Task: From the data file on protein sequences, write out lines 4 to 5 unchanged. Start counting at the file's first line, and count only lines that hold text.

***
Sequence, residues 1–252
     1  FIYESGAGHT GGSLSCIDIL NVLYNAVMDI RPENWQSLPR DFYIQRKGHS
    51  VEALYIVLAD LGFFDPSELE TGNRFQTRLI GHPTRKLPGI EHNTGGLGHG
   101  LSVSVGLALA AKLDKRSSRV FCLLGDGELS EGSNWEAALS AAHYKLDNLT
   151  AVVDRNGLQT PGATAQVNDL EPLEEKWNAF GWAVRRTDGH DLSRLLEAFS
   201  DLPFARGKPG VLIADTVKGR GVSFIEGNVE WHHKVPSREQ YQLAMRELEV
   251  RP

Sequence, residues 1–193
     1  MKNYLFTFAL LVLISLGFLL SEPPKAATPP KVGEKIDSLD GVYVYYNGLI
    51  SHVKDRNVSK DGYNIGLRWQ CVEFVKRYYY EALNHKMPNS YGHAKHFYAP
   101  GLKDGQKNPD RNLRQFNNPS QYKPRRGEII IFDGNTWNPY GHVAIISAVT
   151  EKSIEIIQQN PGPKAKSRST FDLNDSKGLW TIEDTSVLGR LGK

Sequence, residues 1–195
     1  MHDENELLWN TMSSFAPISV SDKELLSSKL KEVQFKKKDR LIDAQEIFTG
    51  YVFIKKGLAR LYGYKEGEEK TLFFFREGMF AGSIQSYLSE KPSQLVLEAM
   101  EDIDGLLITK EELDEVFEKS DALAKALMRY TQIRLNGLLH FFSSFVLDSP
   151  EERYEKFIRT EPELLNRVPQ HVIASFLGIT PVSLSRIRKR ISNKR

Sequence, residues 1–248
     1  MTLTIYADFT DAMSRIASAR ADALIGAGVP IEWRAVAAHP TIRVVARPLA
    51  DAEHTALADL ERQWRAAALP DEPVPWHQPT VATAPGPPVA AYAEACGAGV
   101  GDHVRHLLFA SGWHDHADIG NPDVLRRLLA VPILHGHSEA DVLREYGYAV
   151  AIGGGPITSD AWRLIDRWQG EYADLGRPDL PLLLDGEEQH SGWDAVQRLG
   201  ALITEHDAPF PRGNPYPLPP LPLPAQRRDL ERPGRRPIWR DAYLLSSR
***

   101  LSVSVGLALA AKLDKRSSRV FCLLGDGELS EGSNWEAALS AAHYKLDNLT
   151  AVVDRNGLQT PGATAQVNDL EPLEEKWNAF GWAVRRTDGH DLSRLLEAFS